We are on countdown to 2030, when no more new petrol and diesel cars will be allowed – but apprenticeships are lagging, writes Sue Pittock
At the conclusion of the Commons passage of the skills bill, the government said the new “future skills” unit within the Department for Education will give schools data to show the opportunities apprenticeships can offer to students.
The bill also gives statutory backing to the local skills improvement plans (LSIPs).
These will be additional recipients of the apprenticeships data and we can confidently predict that green apprenticeships will feature strongly in nearly all areas’ plans.
That’s despite there being currently, and wrongly, no formal requirements in the bill for LSIPs to consult the independent providers that offer them.
However well-intentioned these measures are, I felt a little sceptical about their real value, as I showed shadow skills minister Toby Perkins and local MP Dame Margaret Beckett around Remit’s two automotive academies in Derby this week.
Many of our 1,900 apprentices are now being trained in our academies to help fill the huge skills gap in electrical vehicle (EV) maintenance for cars, vans and trucks, in addition to their core light- and heavy-vehicle programmes.
The reason for my scepticism is that we don’t need to be told by government that in six to 12 months’ time there will be huge demand for qualified EV technicians – we already know!
Local and national sector skills forecasts have been available from commercial suppliers for many years.
Global brands, especially truck manufacturers, are knocking on Remit’s door now for support.
Some are investing heavily in their own training to keep trucks and vans on the road, and Britain supplied with the food and goods it needs.
According to the Institute of the Motor Industry, only six per cent of the current 250,000 technicians in the automotive sector are EV qualified.
But the country needs 90,000 qualified by 2030, when no more new petrol and diesel vehicles will be allowed on the country’s roads.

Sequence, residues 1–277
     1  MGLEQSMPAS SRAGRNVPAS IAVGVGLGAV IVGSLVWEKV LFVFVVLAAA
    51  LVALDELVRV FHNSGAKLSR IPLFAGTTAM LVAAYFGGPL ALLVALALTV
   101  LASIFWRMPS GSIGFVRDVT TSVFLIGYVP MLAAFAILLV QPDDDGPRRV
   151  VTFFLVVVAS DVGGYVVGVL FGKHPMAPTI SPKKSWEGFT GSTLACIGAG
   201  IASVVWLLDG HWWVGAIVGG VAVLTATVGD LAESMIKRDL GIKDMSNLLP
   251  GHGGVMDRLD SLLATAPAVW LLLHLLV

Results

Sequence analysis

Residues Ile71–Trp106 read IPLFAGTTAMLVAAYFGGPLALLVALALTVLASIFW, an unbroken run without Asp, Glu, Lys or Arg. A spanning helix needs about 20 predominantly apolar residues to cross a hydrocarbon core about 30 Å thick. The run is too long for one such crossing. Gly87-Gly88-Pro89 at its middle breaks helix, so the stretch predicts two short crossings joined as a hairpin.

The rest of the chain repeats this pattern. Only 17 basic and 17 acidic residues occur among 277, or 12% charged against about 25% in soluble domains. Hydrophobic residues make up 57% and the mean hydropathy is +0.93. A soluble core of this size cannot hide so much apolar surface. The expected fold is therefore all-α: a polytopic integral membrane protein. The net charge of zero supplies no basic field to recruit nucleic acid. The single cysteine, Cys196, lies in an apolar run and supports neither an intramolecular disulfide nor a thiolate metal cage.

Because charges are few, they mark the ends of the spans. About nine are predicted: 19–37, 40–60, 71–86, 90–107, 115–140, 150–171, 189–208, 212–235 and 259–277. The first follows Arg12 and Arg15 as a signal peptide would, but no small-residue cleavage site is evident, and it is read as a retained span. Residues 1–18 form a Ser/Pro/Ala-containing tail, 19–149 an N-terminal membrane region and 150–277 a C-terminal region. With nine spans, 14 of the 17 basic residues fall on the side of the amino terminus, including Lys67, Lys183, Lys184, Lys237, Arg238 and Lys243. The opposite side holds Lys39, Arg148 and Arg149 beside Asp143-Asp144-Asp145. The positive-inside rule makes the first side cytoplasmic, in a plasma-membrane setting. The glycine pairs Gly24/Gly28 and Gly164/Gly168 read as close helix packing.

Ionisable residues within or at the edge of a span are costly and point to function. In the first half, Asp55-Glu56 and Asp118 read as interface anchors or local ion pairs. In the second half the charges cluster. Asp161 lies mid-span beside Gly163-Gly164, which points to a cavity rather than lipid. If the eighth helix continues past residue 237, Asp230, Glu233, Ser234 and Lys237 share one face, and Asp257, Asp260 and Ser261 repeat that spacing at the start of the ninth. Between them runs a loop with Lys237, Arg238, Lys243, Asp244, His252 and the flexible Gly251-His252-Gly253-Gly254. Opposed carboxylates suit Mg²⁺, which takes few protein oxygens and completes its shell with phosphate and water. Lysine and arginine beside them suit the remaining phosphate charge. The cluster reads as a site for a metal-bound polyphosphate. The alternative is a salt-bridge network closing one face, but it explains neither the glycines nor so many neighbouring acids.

On the face of it, this might appear to be good news for us as a provider wanting to keep our academies full.
But the government really needs to wake up to the implications of all this for apprenticeships.
The government really needs to wake up to the implications of this target
Many leading car and truck manufacturers would prefer to see more apprenticeships as the solution to filling the EV skills gap.
However, a lack of urgency in the government’s response to the issue means that training providers and employers are choosing to train with alternative EV qualifications instead.
Faster action is therefore required to introduce apprenticeship standards that are much more tailored to meet the demand for EV technicians. This is particularly needed for heavy vehicles.
The incomplete funding band review for apprenticeships by the Institute for Apprenticeships and Technical Education is already two years old.
The spectre of high inflation means that government must act now to lift funding rates to cover significantly increased operating costs.
These costs include higher salaries for automotive tutors when demand for their experience and expertise is soaring.
Independent training providers in the automotive sector do not receive any capital funding from government to support the substantial investment needed for state-of-the-art training academies – even further education colleges are struggling to make training for the sector sustainable.
More investment in facilities and up-to-date equipment will dry up if operating and eligible costs are not addressed properly by the funding rates.
In short, £4,000 for each apprentice per year simply is not enough to meet running costs and make the required capital investment.
Why does this matter? Remit could scale down its automotive apprenticeship programmes and concentrate instead on commercial training.
Just as Toby Perkins said during the skills bill debate, we believe that apprenticeships are “the gold standard”.
Our vehicle manufacturer customers want the choice of their technicians gaining the knowledge, skills and behaviours within a high-quality apprenticeship programme.
So, if the government is serious about green apprenticeships, it needs to worry less about plans and future skills forecasts and act on what really matters.
Otherwise, if ministers are happy to simply rely on commercial training, the 2030 EV target poses a considerable risk to keeping vehicles roadworthy.